Monday, 31 January 2011
Many painters know, if one adds too much solvent, usually water in acrylics, the paint will break, where the medium/solvent and pigment separate ...
(forgive the quality, I could not be bothered to set up lights etc)
So, above, we see a selection of GW standard range paints, which have been diluted, 1:1 with water, and left to stand. They are quite usable (for the job they were chosen to do), after shaking, but the breaking is obvious. This can also be seen, quite naturally, for some Vallejo MC paints, on the rack, in any store.
Now, the following observation came about, when I was looking for a dark blue, base coat for my SM/Chaos army. After trying many stock colours, I finished up choosing GW Foundation Mordian Blue. So, I diluted it (1:1 water, 15 drops of W&N Acrylic Flow Improver, in 20 ml, as usual) and after a few days, this happened (daylight bulb) ...
(all my paints and mixes have a good quality, stainless steel, nut in them for shaking)
The white precipitate is obvious, which sticks to the bottom of the container. I presume that this is the 'special' additive, which gives the Foundation range its good coverage. I also suggest that the pigments are liquid, but that is just a gut feeling. This also occurred with the AFI absent.
The point is, that the resultant upper layer of paint is perfect for what I need. 'All' pigment, it flows beautifully and is diluted to the consistency I like for 2 or 3 coats. Mechrite Red also did the same, but the precipitate is not so obvious.
Incidentally, I tried a Vallejo MC near-equivalent, Dark Prusia Blue ...
(like the back of my hand)
The first is my 'magic', GW Mordian Blue 'mix', the last is Vallejo MC Dark Prusia Blue, diluted, 1:1, with retarder/AFI/water mix. What is interesting, is the middle colour, which is the one on the right, heavily-diluted with the same additive mix - look at the colour, more Royal Blue !!! - just goes to show :)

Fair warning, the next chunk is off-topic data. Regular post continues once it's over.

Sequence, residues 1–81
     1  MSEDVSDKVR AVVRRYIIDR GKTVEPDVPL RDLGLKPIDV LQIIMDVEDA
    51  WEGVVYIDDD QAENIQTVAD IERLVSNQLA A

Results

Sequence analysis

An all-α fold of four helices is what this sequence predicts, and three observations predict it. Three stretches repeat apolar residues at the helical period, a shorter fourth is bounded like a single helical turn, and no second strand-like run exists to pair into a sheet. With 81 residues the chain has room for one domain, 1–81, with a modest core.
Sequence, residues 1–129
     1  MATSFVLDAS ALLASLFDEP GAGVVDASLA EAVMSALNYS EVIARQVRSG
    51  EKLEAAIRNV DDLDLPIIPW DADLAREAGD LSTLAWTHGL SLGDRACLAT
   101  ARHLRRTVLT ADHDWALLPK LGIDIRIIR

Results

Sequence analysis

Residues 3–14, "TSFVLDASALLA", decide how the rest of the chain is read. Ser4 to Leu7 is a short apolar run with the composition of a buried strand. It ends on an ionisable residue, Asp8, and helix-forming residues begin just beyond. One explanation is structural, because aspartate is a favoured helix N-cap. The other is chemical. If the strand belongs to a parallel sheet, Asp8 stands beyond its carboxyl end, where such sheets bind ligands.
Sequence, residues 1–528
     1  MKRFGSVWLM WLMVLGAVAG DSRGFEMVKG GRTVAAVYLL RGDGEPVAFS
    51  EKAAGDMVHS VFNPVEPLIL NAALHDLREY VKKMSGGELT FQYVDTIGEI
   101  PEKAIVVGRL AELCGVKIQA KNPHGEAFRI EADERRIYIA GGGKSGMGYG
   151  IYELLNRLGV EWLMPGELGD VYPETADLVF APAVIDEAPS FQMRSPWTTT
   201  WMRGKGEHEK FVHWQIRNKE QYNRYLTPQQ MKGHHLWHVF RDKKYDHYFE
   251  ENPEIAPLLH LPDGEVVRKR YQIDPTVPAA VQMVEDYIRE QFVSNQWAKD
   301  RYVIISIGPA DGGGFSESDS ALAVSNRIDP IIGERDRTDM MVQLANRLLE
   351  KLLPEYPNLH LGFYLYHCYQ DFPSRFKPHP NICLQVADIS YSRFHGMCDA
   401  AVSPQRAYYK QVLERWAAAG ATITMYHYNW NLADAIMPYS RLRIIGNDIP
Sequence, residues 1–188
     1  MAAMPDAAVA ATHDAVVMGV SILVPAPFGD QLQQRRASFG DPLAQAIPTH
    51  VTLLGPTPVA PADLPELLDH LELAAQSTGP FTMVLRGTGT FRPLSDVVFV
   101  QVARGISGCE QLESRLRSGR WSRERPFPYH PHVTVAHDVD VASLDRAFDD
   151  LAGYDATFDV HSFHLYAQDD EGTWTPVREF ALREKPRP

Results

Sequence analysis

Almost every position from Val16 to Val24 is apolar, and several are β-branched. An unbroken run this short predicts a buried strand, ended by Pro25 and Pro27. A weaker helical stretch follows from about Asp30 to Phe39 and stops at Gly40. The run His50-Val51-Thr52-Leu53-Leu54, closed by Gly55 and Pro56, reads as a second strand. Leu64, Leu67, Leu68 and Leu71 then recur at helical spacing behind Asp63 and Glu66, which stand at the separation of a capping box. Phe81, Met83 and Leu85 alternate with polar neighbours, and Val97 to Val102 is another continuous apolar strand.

Thank you to all readers, posters and referrers. Special thanks to my 'followers' and friends. I will be going though you all again, soon, and adding any relevant blogs/sites, you may have, to the lists. Please let me know if I miss one. In fact, y'all let me know anything you like :)
It is a delight, not only to be finding new and interesting things, by doing this, but being able to share them with the communities involved.
Here is to 7500 :)
Sunday, 30 January 2011
Saturday, 29 January 2011
It will soon be time to paint my 'entry' in the You Tube community project ~ Adeptus Astartes, and I am trying out some new materials/techniques, for painting black.
My technique is this:
(1) Black primer (my 'stock', paint-on, primer ... GW Chaos Black:water, 1:1 ... plus 15 drops of Winsor and Newton Acrylic Flow Improver, in 20 ml). 2 coats, sometimes 3 (hair-dryer-assisted).
(2) Base coat GW Deadly Nightshade (OOP, but available from Coat D'arms), darkened, slightly, with GW Chaos Black.
(3) Glaze shadows etc. with black glaze.
(4) Highlight (to follow).
Normally, for the glaze, I would use Chaos Black:Vallejo Glaze Medium (VGM) (1:1, at least, sometimes some water). By my judgement, VGM includes retarder, matt medium and a little flow agent, too. The retarding can be useful, but not necessarily, for repeated, thin, glazing.
I thought I would see how Vallejo Black Glaze (VBG) compared ...
(A) Top row; 1:1 VBG:water.
(B) Middle row; VBG:VGM ... most of the 1:2 was used.
(C) Bottom spot; Neat VBG.
The colour balance is off, here, but it helps illustrate the points. BTW, the base coat on 'Testy-Bob' is somewhat lighter, than that described, above.
The boots were washed (2 or 3 passes, not shadow-glazed) with (B), 1:2. The border with the base coat is apparent (it appears brown, but it is black IRL).
The cannon was treated the same, with (B), the barrel with 1:2 and the end with 1:1. The end has more obvious pigment, on the raised areas, but the recesses are the same, in both cases.
In all (B) mixes, the initial glossy effect completely turns matt as the acyclic fully dries.
The arm was treated the same, with (A), it drying more quickly than (B), leaving a nice, flat, matt black finish.
It appears that VBG is, apparently, similar to 'my mix', as described above. For repeated, thin, glazing, it should be out of the pot and then diluted with water (1:1 at the very least), or it will be too intense for controlled glazing. Retarding will decrease as dilution increases.
Neat GW Badab Black and VBG, on tile, then diluted with water, on tile and paper (2:1, water:paint).